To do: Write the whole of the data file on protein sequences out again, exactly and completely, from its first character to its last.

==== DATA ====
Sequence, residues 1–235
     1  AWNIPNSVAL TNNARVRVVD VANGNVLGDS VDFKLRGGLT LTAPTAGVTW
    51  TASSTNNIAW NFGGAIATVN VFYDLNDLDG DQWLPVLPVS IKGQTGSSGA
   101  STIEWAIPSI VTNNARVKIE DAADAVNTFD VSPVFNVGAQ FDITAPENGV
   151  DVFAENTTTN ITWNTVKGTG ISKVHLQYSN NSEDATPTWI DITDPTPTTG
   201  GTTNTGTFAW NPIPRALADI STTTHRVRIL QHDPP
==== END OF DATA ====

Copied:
Sequence, residues 1–235
     1  AWNIPNSVAL TNNARVRVVD VANGNVLGDS VDFKLRGGLT LTAPTAGVTW
    51  TASSTNNIAW NFGGAIATVN VFYDLNDLDG DQWLPVLPVS IKGQTGSSGA
   101  STIEWAIPSI VTNNARVKIE DAADAVNTFD VSPVFNVGAQ FDITAPENGV
   151  DVFAENTTTN ITWNTVKGTG ISKVHLQYSN NSEDATPTWI DITDPTPTTG
   201  GTTNTGTFAW NPIPRALADI STTTHRVRIL QHDPP